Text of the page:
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Dog, cat honored for saving masters

ancientgirl
November 2nd, 2007, 11:30 AM
Stories like these always make me smile.

Dog, cat honored for saving masters By RICHARD PYLE, Associated Press Writer
50 minutes ago



NEW YORK - When Debbie Parkhurst choked on a piece of apple at her Maryland home, her dog jumped in, landing hard on her chest and forcing the morsel to pop out of her throat. When the Keesling family of Indiana was about to be overcome by carbon monoxide, their cat clawed at wife Cathy's hair until she woke up and called for help.

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For their nick-of-time acts, Toby, a 2 1/2-year-old golden retriever, and Winnie, a gray-eyed American shorthair, were named Dog and Cat of the Year by the American Society for the Prevention of Cruelty to Animals.

In addition, five humans were honored Thursday for their actions toward animals in the past year, including a Bronx firefighter who saved a dog and cat from a burning building.

Neither Parkhurst nor Keesling could explain their pets' timely heroics, though Parkhurst suggested her pooch's Heimlich maneuver might have been guided by divine intervention.

"That's what our veterinarian said," she said. "He wasn't making a joke; he's very spiritual, and now I have to agree with him."

Both pets were themselves rescued in infancy Toby as a 4-week-old puppy tossed into a garbage bin to die, and Winnie as a week-old orphan hiding under a barn, so helpless that Keesling's husband, Eric, had to feed her milk with an eyedropper.

As the Keeslings recalled it, a gas-driven pump being used to remove flood waters from their basement in New Castle, Ind., last March malfunctioned, spreading carbon monoxide through the house. By the time Winnie moved into rescue mode, the couple's 14-year-old son, Michael, was already unconscious.

"Winnie jumped on the bed and was clawing at me, with a kind of angry meow," Cathy Keesling said. "When I woke up I felt like a T-bar had hit me across the head."

State police and sheriff's officers responding to her 911 call said the family was only minutes from death, judging by the amount of poisonous gas in the house.

Debbie Parkhurst's husband, Kevin, was at his job at a Wilmington, Del., chemical firm when she took a midday break from making jewelry and bit into an apple.

"Normally I peel them, but I read in Good Housekeeping magazine that the skin has all the nutrients, so I ate the skin, and that's what caused me to choke," she recalled.

"I couldn't breathe and I was in panic when Toby jumped on me. He never does that, but he did, and saved my life."

Both Toby and Winnie accompanied their owners to the awards luncheon at Manhattan's posh Rainbow Room atop Rockefeller Center.

mummummum
November 3rd, 2007, 01:01 PM
Awww... I love nice stories like these as well.

CearaQC
November 3rd, 2007, 01:50 PM
Long ago, I knew a family who had a diabetic teenage son, and a wonderful Dalmatian. I loved visiting there because that dog was friendly and loving towards all people, had extremely good manners, and was also fun to play doggie games.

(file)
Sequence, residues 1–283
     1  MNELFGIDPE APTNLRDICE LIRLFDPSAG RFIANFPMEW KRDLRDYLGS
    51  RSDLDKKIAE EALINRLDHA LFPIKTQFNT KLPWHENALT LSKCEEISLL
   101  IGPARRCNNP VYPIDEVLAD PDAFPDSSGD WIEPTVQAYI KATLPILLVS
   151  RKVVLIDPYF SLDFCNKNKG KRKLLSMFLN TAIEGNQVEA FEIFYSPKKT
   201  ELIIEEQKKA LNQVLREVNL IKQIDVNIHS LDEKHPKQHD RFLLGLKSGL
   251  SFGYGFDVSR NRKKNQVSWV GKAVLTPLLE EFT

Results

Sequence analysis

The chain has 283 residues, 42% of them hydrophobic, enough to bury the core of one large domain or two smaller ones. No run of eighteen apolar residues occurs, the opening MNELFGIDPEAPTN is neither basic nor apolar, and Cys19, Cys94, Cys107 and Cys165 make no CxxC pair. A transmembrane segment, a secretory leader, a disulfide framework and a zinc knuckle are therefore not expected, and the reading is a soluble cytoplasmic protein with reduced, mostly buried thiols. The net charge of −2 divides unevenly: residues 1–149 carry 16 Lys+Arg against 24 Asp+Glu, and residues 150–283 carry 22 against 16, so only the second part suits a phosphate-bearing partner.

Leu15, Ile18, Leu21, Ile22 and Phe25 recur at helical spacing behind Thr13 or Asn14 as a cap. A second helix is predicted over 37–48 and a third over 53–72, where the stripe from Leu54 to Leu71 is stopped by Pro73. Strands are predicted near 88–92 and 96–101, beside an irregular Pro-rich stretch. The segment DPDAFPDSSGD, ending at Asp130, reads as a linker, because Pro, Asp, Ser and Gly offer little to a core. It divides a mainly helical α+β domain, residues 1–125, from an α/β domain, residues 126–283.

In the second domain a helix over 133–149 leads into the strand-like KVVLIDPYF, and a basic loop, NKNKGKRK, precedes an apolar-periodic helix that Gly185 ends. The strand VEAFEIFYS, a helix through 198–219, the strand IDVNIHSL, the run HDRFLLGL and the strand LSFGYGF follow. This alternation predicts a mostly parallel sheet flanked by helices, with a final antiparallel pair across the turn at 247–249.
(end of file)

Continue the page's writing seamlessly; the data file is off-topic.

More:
Their son was never good at keeping an eye on his condition or testing his blood, and often had episodes a few times a year. Every time their son had an episode in the middle of the night, their dog would go bonkers, running all over the house barking and pawing the parents to wake up. Every time, the dog saved their son's life, because if it wasn't for the dog, the parents could have very well woke up any morning to find their son in a coma or worse.

ancientgirl
November 3rd, 2007, 02:31 PM
I think stories like this are just so wonderful. I saw something on Animal Planet recently when I stayed home one day, about a diabetic woman who had a cat that also would warn the family about her condition.

Her husband rescued the cat as a kitten, and the woman hated cats, but they kept it because it needed a home. And it turns out that cat saved her life on several occasions.

Love4himies
November 5th, 2007, 09:16 AM
These stories warm my heart. I am sure there are many more stories of pets saving their owners that we don't ever hear of. How their lives could have turned out so much different if not for their beloved pets.

ancientgirl
November 5th, 2007, 09:35 AM
To me it further reinforces the belief that they DO know what is going on around them and they ARE aware. They aren't just dumb animals like some people think.

Frenchy
November 5th, 2007, 12:43 PM
Both pets were themselves rescued in infancy Toby as a 4-week-old puppy tossed into a garbage bin to die, and Winnie as a week-old orphan hiding under a barn, so helpless that Keesling's husband, Eric, had to feed her milk with an eyedropper.


Rescue them and they will rescue you ! :thumbs up

ancientgirl
November 5th, 2007, 01:05 PM
What's the saying? No good deed goes unnoticed?